Tea Tales Reading Club: Building a Sustainable Reading Ecosystem in the Swahili Coast.

It has been long propagated, erroneously I may add, that people from the Coast do not read. In a previous article, we explained our opinion, one of the differences in approach towards reading between two diverse spaces- the Kenyan Coast and Nairobi, and two on the paradigm shift in the former’s reading attitudes. To a large extent, I feel this stereotype has played into (some) our minds as well, in the process leading to a general aversion to book production and consumption. This, of course, does not apply across the board; it is the people who refuse to be culpably nonobservant, and those who refuse play into or be influenced by this stereotype who are at the forefront of building a reading culture in the coast.

Tea Tales Reading Club- an initiative by Shufaa Yakut, an artistic bent of mind and communications Director at SwahiliPot Hub, a proactive Art and Tech hub in Mombasa- had its second monthly meet this past Saturday. The first one, which I missed, was more of an introduction into what people are reading and the second one engaged the audience in an interactive discourse on creating reading habits. Its beginnings are rather fascinating, stemming from the initiator’s need to be held accountable for her reading habits, creating a persistent appetency to replicate the same to the community of readers around her. The club encourages readers to recommend and swap books, hence ensuring that the conversations are carried on to the next meet-up. 

Meetings of this nature are not only an important addition to the many efforts aimed at upping the art and literary scene at the coast, but they serve as a meeting point of ideas, each influencing the other in a positive tune. The ripple effects of these meet-ups can be both immediate and long-term, and while the immediacy of this is a keener, collective approach to reading, the long-term effect can range from a holistic re-evaluation of our reading habits to a sustainable approach to book production to meet the growing demand for books in the Swahili coast.

Tea Tales Reading Club is also a multifaceted space, drawing readers beyond the coastal creative environment. It is inspiring to listen to a thirteen-year-old reader giving us his take on the books he has read and how much they altered his perspective to bullying in school, just as it is refreshing to hear a lady who just moved to Mombasa express her unrestrained joy at having stumbled, rather accidentally, on a reading community. One thing that we must appreciate about the contemporary creative space in the coast is its spontaneity, adaptive and commodious nature, borrowing heavily from the formative days of Swahili culture where the monsoon winds blew more than just thoughts, attitudes, language, religion and culture to the Swahili coast. The Waswahili thrived because they easily assimilated these elements and used the diversity to enrich their own way of life. The reading club pretty much does the same, and it is this open-minded structure that will see it flourish in the coming years because there is so much it can assimilate from other similar spaces outside the coast.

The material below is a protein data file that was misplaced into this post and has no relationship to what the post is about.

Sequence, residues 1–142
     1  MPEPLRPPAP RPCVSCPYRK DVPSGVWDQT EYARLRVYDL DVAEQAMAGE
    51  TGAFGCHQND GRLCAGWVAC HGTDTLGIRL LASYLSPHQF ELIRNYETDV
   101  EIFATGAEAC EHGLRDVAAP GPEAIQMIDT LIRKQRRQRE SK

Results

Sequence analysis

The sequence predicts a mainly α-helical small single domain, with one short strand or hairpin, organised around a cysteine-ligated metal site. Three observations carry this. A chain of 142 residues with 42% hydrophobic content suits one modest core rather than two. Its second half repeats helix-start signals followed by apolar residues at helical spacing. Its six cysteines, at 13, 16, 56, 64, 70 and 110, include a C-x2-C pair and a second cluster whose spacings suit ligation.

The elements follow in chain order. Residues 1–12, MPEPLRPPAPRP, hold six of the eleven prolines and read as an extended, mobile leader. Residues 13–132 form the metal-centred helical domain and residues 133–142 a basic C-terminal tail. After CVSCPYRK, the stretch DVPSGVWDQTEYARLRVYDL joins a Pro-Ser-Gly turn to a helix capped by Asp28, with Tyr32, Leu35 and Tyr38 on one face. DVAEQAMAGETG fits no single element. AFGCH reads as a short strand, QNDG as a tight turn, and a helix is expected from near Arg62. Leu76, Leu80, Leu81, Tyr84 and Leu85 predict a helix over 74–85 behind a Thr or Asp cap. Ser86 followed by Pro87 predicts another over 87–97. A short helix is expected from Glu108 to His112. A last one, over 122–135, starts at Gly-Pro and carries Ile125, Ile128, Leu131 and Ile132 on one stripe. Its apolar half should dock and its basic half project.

Suffice it to say that this is a welcome addition to the coastal creative economy and anyone who says that we, the people of the coast are not readers is at fault, and as our culture has taught us to be tolerant, we could be somewhat forgiving of this ignorance, mainly because collectively, we have come to appreciate that our attitudes and habits cannot be shaped by such stereotypical forebodings.

Besides, don’t we come from an envious heritage shaped by the poetic thoughts of Muyakka, Ahmed Nassir, MwanaKupona, Abdilatif Abdalla, among a whole lot of others?

While literature is undoubtedly universal, what I would love to see in the coming days at Tea Tales Reading Club and other such creative points is a more discursive approach for not only African works where we read Chika Unigwe, Teju Cole, Peter Kimani and others, but a huge portion of literature from the Swahili coast as well, with the likes of Abdurazak Gurnah, MG Vassanji, Adam Shafi, Kezilahabi, Faruouk Topan. Reading clubs in the coast should also contemplate re-reading the poetic works of Nabhany, Ahmed Nassir and Abdilatif by trying to comprehend the ecology that defined their works and why writings like Abdilatif’s ‘Je, Kenya Twendapi?’ are still relevant today as they were more than fifty years ago. In future, reading clubs should perhaps try and juxtapose these classical works with the likes of Salma Abdulatif’s upcoming poetry collection ‘Dried Rose Petals and Lavender Buds’ and interrogate the similarities in literature from the Swahili coast inherited across space and time. For all purposes and intent, discussing our own homegrown works is a huge step towards building a good reading and writing culture because the wisdom in these works (some of them didactic in nature) is timeless.

Photo Credit: AbdaLlah Mohamed (Heartstigraphy)

 

Abdilaif Abdalla, Abdulrazak Gurnah, Chika Unigwe, Farouk Topan, Muyakka bin Hajji, Mwanakupona, Nabhany Sheikh, Peter Kimani, Swahili coast, Teju Cole


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Writing the East African Coast.

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